live years and undc r. g. ueia'ly entire-
ly nak.-d. They are not bad looking
people at ail and the young girls are
most 01 in. in pretty. I cannot re- ; airy apart ni.-nt-.
member any vi. i-.us faces. They j After a rest of an hour or C.vo
seemed a good natuad i.ll.. people, went on with L-csh hor. s, and bv the
idle, perhaps hecaus- there is not time . ha 1 crossed the third r'.i net
work enough in the country to to Cain . it was so late that we cm
keep them b;.isy. At Cayey some clu '.d to spend the ulijit I here-. The
.-..miianies of Porto Kicau soldiers crowd which imn.e.li.uelv smroun.i
are stationed, they were goins through ed the coach as we aliuht -.!, soon
the drill as we pas,-d toe place, and found there was b,i..-;a-e to be renu.v.
trim looking fellows they were in : ed to t he hotel, and iilstan! Iv a .1, veu
their yellowish brown uniforms, j men and boys rushed toward us all
There are about sixteen hun- j talking t.iget her in Spanish, nil ges! a
drcd troops, altogether, on the island, j ulating wildly, all wanting the job
1 do not know just how many nt and the pay for it. Not undeiMand-"v,-v-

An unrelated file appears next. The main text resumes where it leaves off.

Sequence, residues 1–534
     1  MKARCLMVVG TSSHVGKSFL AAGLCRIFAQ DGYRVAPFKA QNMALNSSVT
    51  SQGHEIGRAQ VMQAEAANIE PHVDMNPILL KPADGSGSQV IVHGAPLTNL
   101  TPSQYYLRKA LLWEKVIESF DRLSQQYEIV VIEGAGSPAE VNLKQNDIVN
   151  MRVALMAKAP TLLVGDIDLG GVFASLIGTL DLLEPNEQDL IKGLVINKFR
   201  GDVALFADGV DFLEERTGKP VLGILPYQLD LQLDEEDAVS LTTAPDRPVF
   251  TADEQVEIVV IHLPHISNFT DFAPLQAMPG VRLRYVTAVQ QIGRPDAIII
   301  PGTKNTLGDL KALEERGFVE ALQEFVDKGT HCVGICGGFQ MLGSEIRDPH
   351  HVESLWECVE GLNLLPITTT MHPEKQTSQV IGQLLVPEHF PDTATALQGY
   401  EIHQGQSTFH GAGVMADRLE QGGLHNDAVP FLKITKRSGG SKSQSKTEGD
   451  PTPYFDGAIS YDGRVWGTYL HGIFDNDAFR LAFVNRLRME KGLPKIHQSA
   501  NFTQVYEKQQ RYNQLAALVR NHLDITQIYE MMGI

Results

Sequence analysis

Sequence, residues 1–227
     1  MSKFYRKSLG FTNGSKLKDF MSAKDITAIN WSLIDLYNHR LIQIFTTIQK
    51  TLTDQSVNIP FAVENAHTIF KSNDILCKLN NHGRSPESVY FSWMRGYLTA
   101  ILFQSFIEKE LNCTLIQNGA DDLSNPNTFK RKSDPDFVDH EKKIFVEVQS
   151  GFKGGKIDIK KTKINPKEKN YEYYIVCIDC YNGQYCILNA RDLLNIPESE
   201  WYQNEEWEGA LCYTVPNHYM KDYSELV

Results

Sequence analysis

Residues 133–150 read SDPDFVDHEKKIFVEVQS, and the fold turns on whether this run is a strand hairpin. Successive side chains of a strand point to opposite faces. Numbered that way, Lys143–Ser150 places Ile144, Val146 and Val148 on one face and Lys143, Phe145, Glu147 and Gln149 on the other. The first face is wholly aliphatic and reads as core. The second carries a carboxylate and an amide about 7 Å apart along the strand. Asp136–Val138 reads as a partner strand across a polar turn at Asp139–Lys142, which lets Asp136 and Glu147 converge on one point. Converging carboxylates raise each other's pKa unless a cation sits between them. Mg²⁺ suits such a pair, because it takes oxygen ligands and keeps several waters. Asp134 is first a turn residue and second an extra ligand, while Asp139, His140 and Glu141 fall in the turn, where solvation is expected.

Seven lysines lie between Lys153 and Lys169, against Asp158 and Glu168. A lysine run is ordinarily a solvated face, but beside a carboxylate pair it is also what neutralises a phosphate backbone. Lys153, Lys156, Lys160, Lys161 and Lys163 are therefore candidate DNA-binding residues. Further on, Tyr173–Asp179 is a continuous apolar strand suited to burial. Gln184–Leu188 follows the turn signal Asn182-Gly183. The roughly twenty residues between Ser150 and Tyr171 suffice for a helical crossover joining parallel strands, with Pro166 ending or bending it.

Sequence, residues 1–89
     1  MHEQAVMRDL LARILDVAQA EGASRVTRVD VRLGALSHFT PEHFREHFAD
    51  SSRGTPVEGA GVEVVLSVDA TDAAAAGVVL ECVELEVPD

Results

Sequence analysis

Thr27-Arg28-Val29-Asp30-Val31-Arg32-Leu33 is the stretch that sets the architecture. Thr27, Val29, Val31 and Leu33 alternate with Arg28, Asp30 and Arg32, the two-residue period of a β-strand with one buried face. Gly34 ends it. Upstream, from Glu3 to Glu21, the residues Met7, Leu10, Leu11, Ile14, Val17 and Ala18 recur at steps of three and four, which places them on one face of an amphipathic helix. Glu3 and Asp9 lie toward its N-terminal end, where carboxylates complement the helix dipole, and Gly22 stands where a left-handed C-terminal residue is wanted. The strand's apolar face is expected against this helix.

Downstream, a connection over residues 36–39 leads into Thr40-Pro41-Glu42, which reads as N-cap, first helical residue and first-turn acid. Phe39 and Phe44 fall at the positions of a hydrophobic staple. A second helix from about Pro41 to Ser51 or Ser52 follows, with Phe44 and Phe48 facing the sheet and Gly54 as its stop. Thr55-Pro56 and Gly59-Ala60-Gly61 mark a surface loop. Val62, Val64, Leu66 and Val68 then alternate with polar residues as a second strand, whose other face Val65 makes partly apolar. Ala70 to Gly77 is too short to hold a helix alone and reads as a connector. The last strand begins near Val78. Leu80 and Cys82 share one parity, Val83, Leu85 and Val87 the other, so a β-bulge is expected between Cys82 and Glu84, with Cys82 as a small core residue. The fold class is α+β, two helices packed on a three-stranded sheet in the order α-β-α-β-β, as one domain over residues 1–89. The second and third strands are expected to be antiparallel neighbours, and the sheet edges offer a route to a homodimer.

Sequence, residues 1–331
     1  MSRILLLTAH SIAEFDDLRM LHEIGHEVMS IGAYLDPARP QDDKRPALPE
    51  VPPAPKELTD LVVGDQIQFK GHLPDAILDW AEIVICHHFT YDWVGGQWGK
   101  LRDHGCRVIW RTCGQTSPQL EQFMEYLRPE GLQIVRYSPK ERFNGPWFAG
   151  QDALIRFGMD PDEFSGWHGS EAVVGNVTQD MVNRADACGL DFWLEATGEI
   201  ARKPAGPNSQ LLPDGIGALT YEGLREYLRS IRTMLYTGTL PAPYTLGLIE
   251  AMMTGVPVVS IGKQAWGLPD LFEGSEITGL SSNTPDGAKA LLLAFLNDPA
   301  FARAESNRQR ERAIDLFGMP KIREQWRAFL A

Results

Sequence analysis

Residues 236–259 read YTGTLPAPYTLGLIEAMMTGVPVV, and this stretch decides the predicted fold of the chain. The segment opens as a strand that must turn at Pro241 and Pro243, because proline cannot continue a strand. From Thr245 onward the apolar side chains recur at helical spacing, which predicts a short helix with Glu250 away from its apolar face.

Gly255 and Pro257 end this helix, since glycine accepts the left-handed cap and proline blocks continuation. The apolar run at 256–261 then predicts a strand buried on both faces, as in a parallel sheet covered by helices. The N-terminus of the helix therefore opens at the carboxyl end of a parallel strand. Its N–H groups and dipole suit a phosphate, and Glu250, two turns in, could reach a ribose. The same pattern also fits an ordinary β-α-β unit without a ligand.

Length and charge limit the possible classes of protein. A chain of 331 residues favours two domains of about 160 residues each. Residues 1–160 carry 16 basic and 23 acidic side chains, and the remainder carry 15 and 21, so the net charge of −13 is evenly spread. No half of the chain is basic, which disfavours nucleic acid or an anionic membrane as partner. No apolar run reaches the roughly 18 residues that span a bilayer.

ling a word of their liu-o, we lied pre.
Leaving Cayey we were on the most, cipitately to the parlor of the hotel
beautiful part of the road. From j and left t he trunks. K, ips and peoiOe
mountain summits getting magnili- i to t he tender mercies of the dri, -,
cent views of the valleys below, with j who must have made sln.it mnl ,,f r'
their lields of rice and colVee, their
groves of bananas, and dozens of
other fruits strange to us, with unre
membcrable Spanish mimes. And
every where the cocoa palm biting its
crown of fcathoiy leave thirty or
forty feet in air, at th
e very top of its
riraium sum tnilli;. 1-lowers too,
brilliant and fragrant, both cultivated
and w ild wises of every color, grow a
long the rond, the luxuri-.tnt tropical
vegitation growing seemingly to the
very summits of . the mountains.
Over the w4ue distance there arc cul
tivated, lii'lds, ivud houses though in,